Advertisement
SC Biz News

Health

Subscribe to Our Digital Newsletters

S.C. attorney general sues 3 opioid distributors

Health
  • Staff Report
Print Story
  • Share

S.C. Attorney General Alan Wilson has filed a lawsuit against three major opioid distributors, asserting that the companies contributed to opioid addiction problems in the state.

Wilson announced the suit against Cardinal Health, McKesson and AmerisourceBergen at a news conference Thursday, claiming they violated the state’s unfair trade practices act and created a public nuisance. The suit seeks injunctive relief and civil penalties.

“This lawsuit seeks to hold these companies responsible for their part in the opioid crisis,” Wilson said in a news release. “These distributors flooded the state with dangerously addictive drugs, devastating families across South Carolina.”

The lawsuit claims the three defendants had systematic failures in preventing diversion of prescription opioids in South Carolina and have faced repeated sanctions. The suit claims the companies should have known that the pills they were distributing in the state were not being used for legitimate purposes, based on the volume of opioids being sent to S.C.

Among specific charges, the suit alleges that Cardinal and McKesson failed to conduct oversight of the chain pharmacies that purchased most of their pills, and that AmerisourceBergen took no action in response to an internal investigation that recommended an overhaul of its compliance procedures.

The complaint was filed in the Court of Common Pleas Fifth Judicial Circuit.

In August 2017, Wilson filed suit against opioid manufacturer Purdue Pharma, LP, Purdue Pharma Inc., and the Purdue Frederick Company. Since then, his office has been part of a multistate investigation against opioid distributors. Information gathered in that investigation led to the most recent lawsuit, according to the release.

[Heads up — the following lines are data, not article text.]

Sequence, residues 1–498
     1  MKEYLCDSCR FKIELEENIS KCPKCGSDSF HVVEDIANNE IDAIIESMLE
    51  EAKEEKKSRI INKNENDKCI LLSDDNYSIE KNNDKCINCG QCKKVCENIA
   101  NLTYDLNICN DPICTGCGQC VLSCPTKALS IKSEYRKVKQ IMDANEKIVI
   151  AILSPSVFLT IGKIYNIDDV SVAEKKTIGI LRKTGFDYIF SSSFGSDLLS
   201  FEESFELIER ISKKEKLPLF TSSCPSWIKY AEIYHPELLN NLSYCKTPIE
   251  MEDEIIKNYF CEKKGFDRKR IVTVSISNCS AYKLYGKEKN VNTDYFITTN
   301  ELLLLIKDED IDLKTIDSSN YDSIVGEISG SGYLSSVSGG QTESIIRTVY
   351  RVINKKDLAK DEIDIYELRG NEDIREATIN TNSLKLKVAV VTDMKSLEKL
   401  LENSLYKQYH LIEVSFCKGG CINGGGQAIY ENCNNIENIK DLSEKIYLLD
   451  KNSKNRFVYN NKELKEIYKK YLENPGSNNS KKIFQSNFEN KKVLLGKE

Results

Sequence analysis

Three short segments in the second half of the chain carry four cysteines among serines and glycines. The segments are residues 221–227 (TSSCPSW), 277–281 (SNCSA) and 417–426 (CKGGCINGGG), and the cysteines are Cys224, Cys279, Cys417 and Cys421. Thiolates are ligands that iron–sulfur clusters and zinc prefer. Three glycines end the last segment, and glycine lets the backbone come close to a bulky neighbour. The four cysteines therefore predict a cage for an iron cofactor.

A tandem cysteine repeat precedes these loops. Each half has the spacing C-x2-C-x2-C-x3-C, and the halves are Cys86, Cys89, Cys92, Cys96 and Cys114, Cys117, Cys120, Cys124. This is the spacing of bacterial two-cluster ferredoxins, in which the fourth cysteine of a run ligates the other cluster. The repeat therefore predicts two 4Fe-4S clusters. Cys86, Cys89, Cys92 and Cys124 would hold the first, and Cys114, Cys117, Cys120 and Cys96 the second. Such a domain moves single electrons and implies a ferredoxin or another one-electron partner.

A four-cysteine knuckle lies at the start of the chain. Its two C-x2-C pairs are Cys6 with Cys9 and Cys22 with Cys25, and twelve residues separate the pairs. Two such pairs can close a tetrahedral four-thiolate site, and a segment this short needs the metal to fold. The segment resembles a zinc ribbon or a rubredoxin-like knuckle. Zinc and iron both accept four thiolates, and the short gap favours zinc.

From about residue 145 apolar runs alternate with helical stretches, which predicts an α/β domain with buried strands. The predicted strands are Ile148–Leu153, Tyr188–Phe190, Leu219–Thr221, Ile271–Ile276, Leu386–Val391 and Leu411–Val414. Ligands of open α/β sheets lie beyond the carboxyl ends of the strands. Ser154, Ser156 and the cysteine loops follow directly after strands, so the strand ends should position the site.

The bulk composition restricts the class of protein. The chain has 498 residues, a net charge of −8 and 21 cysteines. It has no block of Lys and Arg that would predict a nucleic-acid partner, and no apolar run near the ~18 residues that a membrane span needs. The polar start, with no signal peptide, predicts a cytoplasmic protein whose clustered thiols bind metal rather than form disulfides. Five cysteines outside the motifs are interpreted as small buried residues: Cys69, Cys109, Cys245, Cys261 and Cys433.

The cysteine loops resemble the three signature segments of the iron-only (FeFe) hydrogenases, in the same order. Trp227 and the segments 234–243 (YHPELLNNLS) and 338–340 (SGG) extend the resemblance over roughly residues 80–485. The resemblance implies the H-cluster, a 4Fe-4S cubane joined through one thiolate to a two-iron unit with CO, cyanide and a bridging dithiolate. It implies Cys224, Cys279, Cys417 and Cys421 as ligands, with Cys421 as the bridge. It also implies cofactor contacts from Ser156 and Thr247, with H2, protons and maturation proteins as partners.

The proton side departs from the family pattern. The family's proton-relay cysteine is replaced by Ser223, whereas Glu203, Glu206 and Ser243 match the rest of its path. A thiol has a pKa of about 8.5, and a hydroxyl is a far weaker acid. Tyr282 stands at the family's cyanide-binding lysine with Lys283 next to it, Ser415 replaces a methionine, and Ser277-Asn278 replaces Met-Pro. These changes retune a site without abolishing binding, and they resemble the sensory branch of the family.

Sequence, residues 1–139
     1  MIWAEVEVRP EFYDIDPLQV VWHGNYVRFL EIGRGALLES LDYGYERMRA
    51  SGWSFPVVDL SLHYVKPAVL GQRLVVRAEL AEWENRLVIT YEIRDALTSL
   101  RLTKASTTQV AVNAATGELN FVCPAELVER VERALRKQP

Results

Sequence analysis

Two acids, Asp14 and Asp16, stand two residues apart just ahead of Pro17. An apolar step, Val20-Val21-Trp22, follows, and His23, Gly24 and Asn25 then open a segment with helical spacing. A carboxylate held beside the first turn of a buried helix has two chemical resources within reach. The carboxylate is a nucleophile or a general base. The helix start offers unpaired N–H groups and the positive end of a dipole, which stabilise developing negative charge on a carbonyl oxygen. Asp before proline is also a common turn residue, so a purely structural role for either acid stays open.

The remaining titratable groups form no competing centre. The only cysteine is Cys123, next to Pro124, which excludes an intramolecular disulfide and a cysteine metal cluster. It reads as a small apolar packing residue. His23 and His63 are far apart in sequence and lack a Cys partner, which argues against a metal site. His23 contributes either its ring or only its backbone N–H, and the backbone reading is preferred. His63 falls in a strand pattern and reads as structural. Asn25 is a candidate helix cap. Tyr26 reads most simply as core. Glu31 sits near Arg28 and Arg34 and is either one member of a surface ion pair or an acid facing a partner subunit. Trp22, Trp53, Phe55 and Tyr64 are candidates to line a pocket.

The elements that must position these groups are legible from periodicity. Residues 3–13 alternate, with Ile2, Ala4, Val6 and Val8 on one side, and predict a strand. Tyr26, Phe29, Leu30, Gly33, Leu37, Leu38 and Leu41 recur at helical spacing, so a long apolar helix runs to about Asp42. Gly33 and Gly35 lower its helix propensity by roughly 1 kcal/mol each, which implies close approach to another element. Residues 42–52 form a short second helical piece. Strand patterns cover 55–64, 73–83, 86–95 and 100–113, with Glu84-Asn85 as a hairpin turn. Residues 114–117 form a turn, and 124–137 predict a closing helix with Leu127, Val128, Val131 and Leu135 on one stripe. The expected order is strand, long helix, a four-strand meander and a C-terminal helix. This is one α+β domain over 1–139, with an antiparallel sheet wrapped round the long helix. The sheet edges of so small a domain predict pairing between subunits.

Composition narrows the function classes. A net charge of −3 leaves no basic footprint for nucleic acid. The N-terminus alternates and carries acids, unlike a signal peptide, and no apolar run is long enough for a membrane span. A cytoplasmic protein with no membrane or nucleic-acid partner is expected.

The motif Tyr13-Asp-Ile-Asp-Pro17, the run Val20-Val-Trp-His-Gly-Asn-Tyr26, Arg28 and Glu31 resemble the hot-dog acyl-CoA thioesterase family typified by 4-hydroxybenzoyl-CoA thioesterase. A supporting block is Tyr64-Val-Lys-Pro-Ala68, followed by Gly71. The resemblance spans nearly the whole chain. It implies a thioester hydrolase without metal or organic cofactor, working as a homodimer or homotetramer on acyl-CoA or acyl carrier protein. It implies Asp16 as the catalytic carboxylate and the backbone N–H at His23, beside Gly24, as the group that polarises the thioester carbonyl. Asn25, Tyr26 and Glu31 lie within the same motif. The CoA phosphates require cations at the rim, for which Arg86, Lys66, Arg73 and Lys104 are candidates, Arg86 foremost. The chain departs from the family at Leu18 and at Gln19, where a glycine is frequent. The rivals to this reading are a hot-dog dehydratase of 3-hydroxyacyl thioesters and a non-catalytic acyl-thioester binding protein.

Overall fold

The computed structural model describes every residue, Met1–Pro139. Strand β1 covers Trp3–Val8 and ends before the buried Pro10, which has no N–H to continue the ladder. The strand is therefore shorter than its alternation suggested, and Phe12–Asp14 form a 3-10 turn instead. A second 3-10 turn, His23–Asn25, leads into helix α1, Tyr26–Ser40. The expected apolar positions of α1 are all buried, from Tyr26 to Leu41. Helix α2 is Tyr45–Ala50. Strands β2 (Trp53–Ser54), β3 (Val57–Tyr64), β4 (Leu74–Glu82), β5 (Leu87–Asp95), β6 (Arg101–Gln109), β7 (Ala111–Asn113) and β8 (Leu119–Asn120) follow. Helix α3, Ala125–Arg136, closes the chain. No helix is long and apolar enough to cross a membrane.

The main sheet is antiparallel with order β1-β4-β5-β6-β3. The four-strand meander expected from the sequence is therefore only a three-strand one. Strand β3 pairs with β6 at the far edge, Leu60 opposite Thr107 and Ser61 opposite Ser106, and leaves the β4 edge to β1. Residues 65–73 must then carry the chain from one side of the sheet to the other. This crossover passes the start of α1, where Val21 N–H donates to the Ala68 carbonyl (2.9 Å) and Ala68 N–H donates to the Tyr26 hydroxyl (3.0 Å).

Under state and federal law, opioid distributors must monitor, investigate, report and refuse to ship suspicious orders of opioids, Wilson’s office said, and have a legal duty to ensure that all prescription medications are distributed properly and are not diverted for illegal use.

Wilson’s office claims that the three companies listed in the suit made almost no effort to ensure the drugs were properly distributed and even shipped orders “that were deemed suspicious.”

“While we recognize that many South Carolinians have a legitimate need for opioid treatments, these companies did far more than merely distribute a legal product,” Wilson said. “Their failure to report and stop suspicious shipments of opioids into South Carolina resulted in tragic consequences to our communities.”

Wilson’s office said that between 2014 and 2018, the number of fatal drug overdoses in S.C. involving opioids increased 62%, from 504 to 816. As of January 2018, combined heroin and prescription opioid overdose deaths in the state exceeded the number of homicides for the previous three years. And from 2007 to 2014, South Carolina had 1,341 pharmacy robberies, a number that led that nation — far ahead of Texas’ 337 — and represented 28% of total pharmacy robberies nationwide.

The attorney general’s investigation also found that Charleston County had the highest average distribution rate of pain pills per person of any county in the U.S. from 2006 to 2012. During those years, an average of 248.3 pills per person per year were distributed in the county. In 2017, more than 300 million opioid pills were dispensed in South Carolina, nearly 60 times the state’s population. And between 2006 and 2014, South Carolina received the third highest concentration of pills per person per year of any state in the nation, according to Wilson’s office.

  • Share
0 Comments
Write a Comment